Thailand: Opportunities for New Zealand Agritech - July 2021

Rāpopoto – Summary

  • Thailand has a large agritech import market, valued at over NZ$3.8b per year. New Zealand sales of agritech-related products to Thailand amounted to just over NZ$12m in 2020.
  • The focus of the agritech industry is on solving issues in the industry, with the aim of: increasing crop yields and labour productivity; reducing chemicals in crops; improving access to financing and financial literacy of farmers; improving cold climate vegetable production; and establishing better farm management processes.  
  • Opportunities exist for New Zealand exporters of agritech related to precision agriculture, use of drones and satellite imagery, big data for crop management, front- and back-end financial management for farmers, and post-harvest logistics and traceability.

Pūrongo – Report

New Zealand Trade and Enterprise (NZTE) commissioned research to examine opportunities for exports of agritech products to Thailand.

  • Agri marketplace and Fintech
  • Animal technologies
  • Crop protection and input management
  • Imagery
  • Indoor agriculture
  • Plant science
  • Precision agriculture
  • Sensors and smart farm equipment

Overview of New Zealand – Thailand trade

General trade

Thailand is New Zealand’s eighth largest two-way trading partner. Trade between the two countries has been increasing under the Australia – New Zealand – ASEAN Free Trade Agreement. Total trade in goods between the two countries was approximately NZ$2.94 b in 2020.  According to the UN COMTRADE database, New Zealand exports to Thailand in 2020 were approximately NZ$ 869m. Top product exports to Thailand from New Zealand were: dairy products; edible fruits and nuts; and paper and paperboard.

Thai agritech market

Thailand is a food production hub: the broader food industry contributes roughly 23% of Thai GDP. Thailand is one of the world’s largest net food exporting countries, with a food trade balance of NZ$23.9b in 2016.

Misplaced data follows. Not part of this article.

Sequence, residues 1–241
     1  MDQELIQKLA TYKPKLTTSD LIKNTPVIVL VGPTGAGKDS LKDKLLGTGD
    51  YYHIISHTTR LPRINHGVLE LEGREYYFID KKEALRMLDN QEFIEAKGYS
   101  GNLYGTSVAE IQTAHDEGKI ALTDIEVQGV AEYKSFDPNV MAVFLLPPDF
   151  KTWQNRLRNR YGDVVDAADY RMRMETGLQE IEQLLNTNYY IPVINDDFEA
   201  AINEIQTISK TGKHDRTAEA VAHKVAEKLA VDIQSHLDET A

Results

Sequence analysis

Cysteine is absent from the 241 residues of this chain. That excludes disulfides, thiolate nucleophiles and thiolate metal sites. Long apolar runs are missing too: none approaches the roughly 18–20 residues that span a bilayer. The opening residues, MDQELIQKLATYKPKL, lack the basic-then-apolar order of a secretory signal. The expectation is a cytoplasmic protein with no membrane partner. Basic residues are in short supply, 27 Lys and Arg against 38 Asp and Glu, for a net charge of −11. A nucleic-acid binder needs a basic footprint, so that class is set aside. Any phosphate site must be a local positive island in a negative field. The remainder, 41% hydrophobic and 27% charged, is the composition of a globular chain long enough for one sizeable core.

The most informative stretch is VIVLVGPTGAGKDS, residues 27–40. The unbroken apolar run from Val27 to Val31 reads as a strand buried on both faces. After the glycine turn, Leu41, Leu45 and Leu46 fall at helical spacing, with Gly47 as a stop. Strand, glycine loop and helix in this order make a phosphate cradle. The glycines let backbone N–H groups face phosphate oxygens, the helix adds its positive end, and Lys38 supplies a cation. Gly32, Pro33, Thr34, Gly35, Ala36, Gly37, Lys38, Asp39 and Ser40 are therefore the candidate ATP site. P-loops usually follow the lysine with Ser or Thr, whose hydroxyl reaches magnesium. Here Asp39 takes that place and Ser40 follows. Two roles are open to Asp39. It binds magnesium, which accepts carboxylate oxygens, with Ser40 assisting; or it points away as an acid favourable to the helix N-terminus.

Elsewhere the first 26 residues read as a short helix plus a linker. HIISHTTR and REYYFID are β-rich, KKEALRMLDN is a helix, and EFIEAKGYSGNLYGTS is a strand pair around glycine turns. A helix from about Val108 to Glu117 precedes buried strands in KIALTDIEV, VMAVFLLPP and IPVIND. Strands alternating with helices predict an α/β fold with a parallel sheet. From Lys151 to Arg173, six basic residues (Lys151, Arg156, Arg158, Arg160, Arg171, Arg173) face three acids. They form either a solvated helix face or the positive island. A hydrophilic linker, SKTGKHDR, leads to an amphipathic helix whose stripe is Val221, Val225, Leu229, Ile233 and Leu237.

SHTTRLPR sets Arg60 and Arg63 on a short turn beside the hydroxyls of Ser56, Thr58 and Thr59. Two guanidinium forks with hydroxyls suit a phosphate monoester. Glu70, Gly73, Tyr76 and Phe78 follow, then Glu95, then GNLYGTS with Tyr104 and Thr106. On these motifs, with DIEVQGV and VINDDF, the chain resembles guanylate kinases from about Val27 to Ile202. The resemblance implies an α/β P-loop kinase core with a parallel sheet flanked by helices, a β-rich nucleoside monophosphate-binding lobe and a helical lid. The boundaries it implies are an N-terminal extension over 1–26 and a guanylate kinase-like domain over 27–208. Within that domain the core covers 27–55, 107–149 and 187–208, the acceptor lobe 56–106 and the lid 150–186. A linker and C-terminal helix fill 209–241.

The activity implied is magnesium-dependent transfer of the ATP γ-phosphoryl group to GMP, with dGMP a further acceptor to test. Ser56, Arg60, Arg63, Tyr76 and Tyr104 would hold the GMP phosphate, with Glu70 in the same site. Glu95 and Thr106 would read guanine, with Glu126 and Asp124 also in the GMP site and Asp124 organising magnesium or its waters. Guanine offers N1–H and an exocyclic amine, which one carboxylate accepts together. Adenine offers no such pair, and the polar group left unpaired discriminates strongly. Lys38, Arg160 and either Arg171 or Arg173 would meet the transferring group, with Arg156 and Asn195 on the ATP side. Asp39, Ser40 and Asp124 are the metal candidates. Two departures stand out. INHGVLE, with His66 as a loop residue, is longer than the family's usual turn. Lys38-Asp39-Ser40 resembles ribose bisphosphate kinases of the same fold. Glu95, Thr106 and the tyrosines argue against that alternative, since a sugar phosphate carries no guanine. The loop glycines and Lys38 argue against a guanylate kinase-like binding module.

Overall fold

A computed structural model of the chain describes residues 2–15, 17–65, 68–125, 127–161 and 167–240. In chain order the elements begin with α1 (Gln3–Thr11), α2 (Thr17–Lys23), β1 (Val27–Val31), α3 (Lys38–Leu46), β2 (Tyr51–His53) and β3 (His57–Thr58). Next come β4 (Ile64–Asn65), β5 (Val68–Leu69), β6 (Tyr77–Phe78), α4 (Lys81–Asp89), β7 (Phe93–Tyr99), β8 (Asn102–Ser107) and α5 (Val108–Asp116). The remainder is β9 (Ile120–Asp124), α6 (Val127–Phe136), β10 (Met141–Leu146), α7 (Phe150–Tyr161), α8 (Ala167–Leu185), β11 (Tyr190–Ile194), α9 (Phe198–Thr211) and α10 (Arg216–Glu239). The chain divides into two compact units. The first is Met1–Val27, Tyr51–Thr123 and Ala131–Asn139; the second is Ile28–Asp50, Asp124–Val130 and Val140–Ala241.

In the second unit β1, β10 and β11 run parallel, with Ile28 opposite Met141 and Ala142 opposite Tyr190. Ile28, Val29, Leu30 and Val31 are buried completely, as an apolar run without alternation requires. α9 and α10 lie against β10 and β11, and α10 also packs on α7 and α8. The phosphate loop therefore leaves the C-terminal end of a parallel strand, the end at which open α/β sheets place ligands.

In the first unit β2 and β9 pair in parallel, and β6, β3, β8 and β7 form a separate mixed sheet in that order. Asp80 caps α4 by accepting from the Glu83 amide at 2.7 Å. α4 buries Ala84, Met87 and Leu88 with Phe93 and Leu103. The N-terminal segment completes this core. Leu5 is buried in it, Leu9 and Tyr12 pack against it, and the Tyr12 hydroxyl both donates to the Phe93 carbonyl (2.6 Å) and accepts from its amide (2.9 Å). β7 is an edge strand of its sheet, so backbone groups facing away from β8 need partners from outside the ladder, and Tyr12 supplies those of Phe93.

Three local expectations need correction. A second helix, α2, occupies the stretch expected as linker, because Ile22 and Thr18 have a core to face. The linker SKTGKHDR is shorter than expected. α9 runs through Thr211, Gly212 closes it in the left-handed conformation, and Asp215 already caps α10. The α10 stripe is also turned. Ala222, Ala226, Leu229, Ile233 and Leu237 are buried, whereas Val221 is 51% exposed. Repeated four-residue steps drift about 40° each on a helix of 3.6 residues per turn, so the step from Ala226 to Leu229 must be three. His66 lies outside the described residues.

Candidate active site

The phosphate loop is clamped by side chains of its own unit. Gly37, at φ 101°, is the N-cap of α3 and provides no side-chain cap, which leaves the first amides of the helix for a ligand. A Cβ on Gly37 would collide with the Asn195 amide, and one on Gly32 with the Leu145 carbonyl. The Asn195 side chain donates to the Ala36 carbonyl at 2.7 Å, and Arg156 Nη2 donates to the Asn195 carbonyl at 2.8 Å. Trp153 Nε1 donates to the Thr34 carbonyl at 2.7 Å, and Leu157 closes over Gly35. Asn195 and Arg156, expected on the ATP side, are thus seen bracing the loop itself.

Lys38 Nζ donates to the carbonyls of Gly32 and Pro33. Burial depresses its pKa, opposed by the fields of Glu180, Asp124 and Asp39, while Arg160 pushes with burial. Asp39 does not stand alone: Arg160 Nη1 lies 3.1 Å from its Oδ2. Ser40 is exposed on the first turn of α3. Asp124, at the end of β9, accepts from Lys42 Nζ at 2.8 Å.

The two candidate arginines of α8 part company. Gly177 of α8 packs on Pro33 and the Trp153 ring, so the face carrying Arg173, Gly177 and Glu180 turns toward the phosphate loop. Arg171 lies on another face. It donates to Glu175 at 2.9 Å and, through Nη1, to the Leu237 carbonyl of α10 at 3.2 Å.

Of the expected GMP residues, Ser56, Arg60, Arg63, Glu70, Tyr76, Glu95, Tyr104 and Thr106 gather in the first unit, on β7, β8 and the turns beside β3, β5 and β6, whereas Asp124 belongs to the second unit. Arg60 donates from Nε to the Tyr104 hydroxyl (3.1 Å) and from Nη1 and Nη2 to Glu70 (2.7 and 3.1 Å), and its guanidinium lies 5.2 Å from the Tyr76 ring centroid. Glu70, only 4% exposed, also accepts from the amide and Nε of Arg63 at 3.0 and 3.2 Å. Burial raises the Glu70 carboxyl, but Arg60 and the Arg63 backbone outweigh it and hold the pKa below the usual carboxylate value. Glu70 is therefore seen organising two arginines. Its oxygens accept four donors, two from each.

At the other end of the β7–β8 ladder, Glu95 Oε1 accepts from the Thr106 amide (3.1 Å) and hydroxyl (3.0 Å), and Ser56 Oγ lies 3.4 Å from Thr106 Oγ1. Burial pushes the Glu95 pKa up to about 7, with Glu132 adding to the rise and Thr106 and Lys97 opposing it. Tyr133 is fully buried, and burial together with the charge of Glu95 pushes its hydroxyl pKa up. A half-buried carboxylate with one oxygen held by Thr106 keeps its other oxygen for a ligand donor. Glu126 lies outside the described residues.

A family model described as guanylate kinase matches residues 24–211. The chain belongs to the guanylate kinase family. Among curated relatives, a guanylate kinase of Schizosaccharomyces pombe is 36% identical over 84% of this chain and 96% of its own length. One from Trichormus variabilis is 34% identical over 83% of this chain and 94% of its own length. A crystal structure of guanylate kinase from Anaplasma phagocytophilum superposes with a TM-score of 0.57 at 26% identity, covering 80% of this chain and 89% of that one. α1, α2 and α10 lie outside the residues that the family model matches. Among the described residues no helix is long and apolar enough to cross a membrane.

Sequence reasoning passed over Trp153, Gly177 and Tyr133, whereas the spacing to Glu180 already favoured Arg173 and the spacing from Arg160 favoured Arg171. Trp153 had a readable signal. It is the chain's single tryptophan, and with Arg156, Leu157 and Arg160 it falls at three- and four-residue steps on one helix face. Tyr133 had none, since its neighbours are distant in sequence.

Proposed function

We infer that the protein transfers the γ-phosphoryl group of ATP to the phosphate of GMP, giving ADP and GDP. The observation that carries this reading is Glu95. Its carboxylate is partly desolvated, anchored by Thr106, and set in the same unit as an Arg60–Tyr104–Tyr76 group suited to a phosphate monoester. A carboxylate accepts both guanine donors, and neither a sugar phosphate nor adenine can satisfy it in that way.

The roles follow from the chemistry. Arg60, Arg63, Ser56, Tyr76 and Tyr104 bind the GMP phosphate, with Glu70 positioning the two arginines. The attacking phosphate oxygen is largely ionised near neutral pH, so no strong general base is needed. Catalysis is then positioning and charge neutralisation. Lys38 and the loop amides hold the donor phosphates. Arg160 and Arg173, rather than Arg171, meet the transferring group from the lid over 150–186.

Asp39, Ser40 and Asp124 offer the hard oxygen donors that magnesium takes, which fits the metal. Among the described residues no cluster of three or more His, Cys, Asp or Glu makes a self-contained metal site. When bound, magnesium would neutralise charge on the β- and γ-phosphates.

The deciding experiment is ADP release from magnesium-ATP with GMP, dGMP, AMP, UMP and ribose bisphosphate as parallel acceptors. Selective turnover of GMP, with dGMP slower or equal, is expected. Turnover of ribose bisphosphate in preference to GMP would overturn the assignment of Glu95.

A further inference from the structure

Although Thailand is a large agricultural powerhouse, farm productivity is an issue. Several factors contribute to low productivity, including: small-scale farms, which prevent economy of scale for farmers; declining and ageing pool of farm labour; and low farm income. Additional challenges in the agriculture sector include: improving farmers’ access to financing and financial literacy; improving cold climate vegetable production; and establishing better farm management processes.

There is a nascent agritech sector in Thailand, but imports are important: in 2019, the total value of the Thai import market for agritech related inputs was THB 78.8b (NZ $3.8b). New Zealand sales of agritech-related products to Thailand amounted to just over NZ $12m in 2020. Plant genetics, fencing and supplies and equipment, pumping water and irrigation, farm tools and hardware were the largest components of these exports.

NZ$ 12 million New Zealand exports of agritech-related products to Thailand in 2020

Key findings

Smart farming

  • The development of smart tools and apps for farmers to use on a day-to-day basis has received a high amount of interest and support from both the Thai government and venture capitalists. It is an area that dominates the agritech discussion in Thailand.
  • Opportunities exist for: precision agriculture techniques for rice production; rice biotechnology; agricultural drones; vertical farming inputs (e.g., seeds); and post-harvest, logistics, and traceability.

Dairy production

  • In 2020, the Thai domestic milk industry was worth approximately NZ$3.5 billion. 60-65% of national demand is met by domestic production, with New Zealand the largest source of the remaining supply in both milk powder and UHT form.